Fortune was not smiling on me the day that I found Golden Dragon. It was a very snowy Monday in late March, and I was wandering around an unfamiliar part of Chinatown with two dollars in my pocket, a gallon of ice water in my boot, and a nasty hangover sloshing around my noggin. Coming around the corner, I caught a potent whiff of vanilla and rising dough. My luck was starting to turn.
Golden Dragon Fortune Cookies has been a major supplier of crunchy cookies and ancient Chinese wisdom for at least thirty years. It does most of its business in bulk, shipping millions of fortunes to restaurants and markets in Chicago and beyond, but intrepid walk-ins are also welcome—if they know where to go.
The factory’s only viable entrance is a small loading dock (don’t be deterred by the idling trucks and fork lifts), the kind that looks like it doesn’t really expect visitors. Inside and to the right of this dock is a small receiving office that also looks like you’re not allowed inside. The combined effect of this double layer of the foreboding, “you-shouldn’t-be-in-here” vibe is that, when you do walk brazenly through the plastic sheeting and then into the unmarked office—as I did a couple of Mondays ago—you feel like an insider, like a favorite nephew of the owner who hasn’t visited for a long time.
That’s how the women in the office treat you, anyway. Golden Dragon’s employees are exceedingly pleasant, exuding a friendliness so warm that it borders on the familial; if you were to sit down for any stretch of time while shopping, you’d probably be offered a cup of tea and asked about your day. Even with my somewhat invasive questions about the establishment, and general distrust of foods holding secret messages, the woman who sold me my cookies was endlessly happy to confirm that, yes, Golden Dragon makes all their wares on site, yes, Golden Dragon has been around a long time (“much longer than you!”), yes, these are authentic Chinese cookies and, yes, the little slips of paper in each golden morsel were shipped directly from China and never, ever lie.
Well. Sort of. The truth is that fortune cookies—and the messages inside them—are not Chinese, or even Chinese American. According to historian and fortune cookie expert Yasuko Nakamachi, the treats are probably from Kyoto, brought over by Japanese immigrants to California in the late nineteenth century. It fits: the Japanese have a rich history of putting fortunes in their food. Known in Japan as o-mikuji, these fortunes traditionally contain both charms and curses (it’s rare to find a malevolent fortune in the modern Chinese restaurant variety, but if you do get a bad fortune, you can neutralize its effects by attaching the paper slip to a pine tree). Fortune cookie production was then co-opted by the Chinese during World War II, and spread across the States after returning GIs got a taste for them.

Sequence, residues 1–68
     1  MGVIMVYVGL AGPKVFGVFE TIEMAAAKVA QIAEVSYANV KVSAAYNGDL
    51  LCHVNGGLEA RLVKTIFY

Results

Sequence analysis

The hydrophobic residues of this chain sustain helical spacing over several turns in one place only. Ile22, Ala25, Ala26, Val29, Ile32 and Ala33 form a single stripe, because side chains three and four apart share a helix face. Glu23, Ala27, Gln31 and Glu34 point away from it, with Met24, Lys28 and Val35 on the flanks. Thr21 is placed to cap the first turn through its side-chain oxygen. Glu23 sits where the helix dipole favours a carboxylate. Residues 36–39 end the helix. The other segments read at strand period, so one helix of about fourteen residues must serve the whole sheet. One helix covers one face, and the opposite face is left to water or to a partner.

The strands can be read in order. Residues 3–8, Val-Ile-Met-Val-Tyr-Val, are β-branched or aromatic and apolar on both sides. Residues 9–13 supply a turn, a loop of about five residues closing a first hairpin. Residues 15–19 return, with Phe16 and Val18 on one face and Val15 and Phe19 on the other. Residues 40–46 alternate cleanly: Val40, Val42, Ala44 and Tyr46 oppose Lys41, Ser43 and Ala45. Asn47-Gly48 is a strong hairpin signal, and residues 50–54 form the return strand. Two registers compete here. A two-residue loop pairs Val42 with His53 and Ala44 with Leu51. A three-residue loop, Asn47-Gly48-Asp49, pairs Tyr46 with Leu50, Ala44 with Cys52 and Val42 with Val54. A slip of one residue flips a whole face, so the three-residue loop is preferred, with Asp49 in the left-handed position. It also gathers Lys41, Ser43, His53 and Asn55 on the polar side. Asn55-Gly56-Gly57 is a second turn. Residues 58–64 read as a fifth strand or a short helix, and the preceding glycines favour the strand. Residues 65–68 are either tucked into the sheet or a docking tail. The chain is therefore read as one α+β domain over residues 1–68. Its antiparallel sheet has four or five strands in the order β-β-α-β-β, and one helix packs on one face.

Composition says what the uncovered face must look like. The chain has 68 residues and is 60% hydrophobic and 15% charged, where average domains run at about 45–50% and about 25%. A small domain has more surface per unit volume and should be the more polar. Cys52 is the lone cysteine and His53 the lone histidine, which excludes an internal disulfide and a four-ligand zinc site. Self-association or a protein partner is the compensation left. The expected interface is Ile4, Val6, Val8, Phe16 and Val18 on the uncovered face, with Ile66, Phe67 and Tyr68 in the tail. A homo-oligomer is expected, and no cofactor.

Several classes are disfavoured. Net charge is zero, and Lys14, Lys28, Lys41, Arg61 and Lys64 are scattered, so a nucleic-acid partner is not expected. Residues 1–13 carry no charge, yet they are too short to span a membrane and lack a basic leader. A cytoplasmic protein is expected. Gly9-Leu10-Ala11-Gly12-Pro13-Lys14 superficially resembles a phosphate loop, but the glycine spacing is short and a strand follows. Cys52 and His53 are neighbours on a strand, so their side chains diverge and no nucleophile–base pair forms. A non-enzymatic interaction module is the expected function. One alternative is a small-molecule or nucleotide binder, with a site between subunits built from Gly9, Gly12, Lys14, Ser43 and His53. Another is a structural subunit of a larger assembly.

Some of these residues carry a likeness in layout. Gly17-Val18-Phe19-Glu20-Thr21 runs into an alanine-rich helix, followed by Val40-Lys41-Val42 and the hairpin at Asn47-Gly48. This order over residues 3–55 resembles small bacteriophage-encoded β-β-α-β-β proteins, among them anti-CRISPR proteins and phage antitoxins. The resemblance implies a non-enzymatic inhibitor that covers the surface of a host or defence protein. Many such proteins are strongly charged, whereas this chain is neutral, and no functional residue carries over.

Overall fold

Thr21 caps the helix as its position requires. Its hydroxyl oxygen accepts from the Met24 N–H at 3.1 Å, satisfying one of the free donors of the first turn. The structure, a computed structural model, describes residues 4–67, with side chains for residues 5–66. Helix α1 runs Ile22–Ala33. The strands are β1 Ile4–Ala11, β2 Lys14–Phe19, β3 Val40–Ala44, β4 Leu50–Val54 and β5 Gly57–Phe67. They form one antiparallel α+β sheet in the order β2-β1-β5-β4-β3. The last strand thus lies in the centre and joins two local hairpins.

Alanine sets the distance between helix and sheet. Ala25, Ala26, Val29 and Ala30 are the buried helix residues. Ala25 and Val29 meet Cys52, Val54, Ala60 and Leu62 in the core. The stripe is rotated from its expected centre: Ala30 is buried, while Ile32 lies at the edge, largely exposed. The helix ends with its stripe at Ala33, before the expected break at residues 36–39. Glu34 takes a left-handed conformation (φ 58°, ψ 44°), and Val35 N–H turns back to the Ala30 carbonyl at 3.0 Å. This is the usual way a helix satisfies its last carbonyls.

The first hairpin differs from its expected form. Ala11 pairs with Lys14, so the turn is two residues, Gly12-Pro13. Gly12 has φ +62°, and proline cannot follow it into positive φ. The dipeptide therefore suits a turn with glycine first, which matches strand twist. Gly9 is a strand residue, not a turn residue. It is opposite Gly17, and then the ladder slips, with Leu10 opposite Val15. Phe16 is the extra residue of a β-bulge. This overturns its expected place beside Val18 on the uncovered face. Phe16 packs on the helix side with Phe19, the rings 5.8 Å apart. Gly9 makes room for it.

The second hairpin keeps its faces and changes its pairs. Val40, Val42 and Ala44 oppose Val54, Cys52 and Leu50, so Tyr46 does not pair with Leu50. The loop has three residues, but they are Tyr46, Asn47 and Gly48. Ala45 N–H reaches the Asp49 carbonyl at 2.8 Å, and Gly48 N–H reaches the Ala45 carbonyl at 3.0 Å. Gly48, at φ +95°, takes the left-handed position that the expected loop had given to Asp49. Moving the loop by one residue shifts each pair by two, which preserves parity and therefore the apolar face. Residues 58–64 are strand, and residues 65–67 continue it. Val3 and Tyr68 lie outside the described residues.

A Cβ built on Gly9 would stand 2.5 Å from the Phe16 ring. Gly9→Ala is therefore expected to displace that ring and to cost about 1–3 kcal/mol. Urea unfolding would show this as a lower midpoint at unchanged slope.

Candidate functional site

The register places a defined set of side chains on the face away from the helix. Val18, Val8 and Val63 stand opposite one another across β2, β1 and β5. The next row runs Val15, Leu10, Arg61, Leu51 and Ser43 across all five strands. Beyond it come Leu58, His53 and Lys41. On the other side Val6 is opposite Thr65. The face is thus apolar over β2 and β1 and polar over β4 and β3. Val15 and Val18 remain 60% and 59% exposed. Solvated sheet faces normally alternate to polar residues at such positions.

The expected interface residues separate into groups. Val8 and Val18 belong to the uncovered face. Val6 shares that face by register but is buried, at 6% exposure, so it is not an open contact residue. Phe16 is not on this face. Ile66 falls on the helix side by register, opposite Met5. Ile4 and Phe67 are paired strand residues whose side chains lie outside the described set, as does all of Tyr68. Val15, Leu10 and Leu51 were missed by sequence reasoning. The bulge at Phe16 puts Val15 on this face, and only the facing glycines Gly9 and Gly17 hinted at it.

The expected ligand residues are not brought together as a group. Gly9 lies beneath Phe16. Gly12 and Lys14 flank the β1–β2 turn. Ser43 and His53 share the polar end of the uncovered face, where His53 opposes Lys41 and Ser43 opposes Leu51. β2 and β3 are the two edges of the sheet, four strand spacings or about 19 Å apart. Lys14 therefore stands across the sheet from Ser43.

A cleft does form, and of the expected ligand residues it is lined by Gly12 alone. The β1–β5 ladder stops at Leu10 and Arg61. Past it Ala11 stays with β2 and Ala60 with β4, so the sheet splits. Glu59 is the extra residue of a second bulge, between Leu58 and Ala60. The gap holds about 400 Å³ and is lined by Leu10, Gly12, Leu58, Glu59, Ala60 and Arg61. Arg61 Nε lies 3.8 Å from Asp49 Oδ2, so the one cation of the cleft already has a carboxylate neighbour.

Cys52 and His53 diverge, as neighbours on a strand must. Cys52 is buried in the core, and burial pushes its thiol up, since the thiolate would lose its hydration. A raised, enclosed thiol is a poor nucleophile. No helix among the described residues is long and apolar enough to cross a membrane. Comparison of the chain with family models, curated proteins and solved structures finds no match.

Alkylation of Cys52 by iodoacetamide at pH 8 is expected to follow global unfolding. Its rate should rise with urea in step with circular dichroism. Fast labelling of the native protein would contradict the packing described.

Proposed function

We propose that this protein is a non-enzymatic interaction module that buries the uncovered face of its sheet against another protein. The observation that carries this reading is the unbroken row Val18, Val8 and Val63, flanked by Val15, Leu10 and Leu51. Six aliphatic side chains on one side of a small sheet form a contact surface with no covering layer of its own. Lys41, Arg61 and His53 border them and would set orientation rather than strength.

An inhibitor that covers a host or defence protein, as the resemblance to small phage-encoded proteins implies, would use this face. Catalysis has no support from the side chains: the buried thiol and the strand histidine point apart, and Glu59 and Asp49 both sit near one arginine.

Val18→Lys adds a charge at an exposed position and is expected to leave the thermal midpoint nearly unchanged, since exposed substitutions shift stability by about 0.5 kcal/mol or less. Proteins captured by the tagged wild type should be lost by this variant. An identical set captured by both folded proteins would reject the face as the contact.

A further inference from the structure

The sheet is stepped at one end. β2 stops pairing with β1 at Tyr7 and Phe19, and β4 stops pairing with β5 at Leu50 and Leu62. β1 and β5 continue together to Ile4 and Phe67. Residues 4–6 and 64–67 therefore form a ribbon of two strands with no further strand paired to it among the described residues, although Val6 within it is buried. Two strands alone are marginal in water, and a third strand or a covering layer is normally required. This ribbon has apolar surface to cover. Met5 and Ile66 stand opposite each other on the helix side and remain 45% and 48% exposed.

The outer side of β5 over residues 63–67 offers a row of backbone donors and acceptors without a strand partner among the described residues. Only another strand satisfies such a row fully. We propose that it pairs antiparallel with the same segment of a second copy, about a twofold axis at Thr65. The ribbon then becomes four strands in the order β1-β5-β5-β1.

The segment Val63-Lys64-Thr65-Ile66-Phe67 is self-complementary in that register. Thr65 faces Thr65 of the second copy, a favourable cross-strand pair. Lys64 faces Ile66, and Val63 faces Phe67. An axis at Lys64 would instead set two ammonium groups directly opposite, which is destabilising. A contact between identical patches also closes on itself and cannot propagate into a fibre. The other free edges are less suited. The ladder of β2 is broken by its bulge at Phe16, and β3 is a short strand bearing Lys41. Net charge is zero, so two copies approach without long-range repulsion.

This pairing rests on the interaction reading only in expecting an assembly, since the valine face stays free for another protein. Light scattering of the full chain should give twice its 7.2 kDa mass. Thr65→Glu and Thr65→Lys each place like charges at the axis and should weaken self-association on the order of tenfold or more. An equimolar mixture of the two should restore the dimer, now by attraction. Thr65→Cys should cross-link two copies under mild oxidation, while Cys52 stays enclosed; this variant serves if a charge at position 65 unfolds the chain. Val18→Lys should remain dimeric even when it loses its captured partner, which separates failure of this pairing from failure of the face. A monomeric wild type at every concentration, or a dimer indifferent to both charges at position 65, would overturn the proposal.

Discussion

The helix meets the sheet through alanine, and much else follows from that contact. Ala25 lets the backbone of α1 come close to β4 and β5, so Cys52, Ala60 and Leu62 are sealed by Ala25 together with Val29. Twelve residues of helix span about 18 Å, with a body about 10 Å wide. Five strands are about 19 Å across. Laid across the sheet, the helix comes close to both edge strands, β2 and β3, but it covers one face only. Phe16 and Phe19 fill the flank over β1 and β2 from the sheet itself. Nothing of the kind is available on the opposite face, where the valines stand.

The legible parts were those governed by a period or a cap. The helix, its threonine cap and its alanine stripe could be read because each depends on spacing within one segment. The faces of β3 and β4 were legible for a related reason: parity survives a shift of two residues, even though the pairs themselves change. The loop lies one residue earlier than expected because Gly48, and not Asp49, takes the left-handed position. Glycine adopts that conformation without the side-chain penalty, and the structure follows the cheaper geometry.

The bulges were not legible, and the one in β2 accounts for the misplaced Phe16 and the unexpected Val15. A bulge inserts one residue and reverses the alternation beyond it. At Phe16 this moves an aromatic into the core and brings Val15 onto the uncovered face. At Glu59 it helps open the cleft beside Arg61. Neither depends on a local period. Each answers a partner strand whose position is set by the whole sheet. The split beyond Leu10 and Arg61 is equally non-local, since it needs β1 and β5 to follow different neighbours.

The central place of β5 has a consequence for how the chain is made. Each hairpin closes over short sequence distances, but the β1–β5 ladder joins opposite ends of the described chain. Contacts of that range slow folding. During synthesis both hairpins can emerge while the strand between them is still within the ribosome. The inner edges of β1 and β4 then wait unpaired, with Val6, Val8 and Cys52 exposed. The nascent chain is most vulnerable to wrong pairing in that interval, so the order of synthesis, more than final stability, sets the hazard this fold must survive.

About the taste: it’s subtle. The hint of vanilla aside, the primary appeal of eating a fortune cookie is usually in getting to the slip of paper inside. But biting into a fresh Golden Dragon cookie is a revelatory experience: it turns out that every restaurant fortune cookie you’ve ever had has been a stale imitation of the thin, crispy platonic ideal that is a Golden Dragon original. Their other product, almond cookies (twenty for a dollar!), are also excellent, with a cloying, buttery flavor that lingers in the back of the mouth for days afterward. Orgasmic when paired with coffee.
Nice as they were, the employees of Golden Dragon would not permit me to explore the factory floor and discover the mysterious process by which fortunes are made. I was not allowed to inspect the dragon-fire kiln in which the cookies are baked, or the giant vat of shimmering Luck into which each cookie is dipped before being packaged and shipped. Ancient Chinese secrets, I guess.
So I tumbled out into the cold streets of Chinatown once again, two dollars poorer, still vaguely queasy behind the eyes, but with a dozen golden cookies stuffed into my coat pocket. I quickly devoured them on the train ride home, and read the messages inside, and felt better. “You will become better acquainted with a co-worker.” “You will come into money soon.” “Smile often, and see what happens.” The 55 was waiting for me at the bus stop.
Golden Dragon Fortune Cookies, 2323 S. Archer Avenue. Monday-Friday, 7am-3:30pm.